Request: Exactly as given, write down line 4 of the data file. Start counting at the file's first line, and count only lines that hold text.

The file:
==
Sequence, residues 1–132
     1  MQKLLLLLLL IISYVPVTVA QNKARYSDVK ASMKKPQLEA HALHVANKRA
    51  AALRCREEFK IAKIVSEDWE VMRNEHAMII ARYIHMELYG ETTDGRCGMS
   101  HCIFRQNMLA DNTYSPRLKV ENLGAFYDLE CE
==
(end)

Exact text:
   101  HCIFRQNMLA DNTYSPRLKV ENLGAFYDLE CE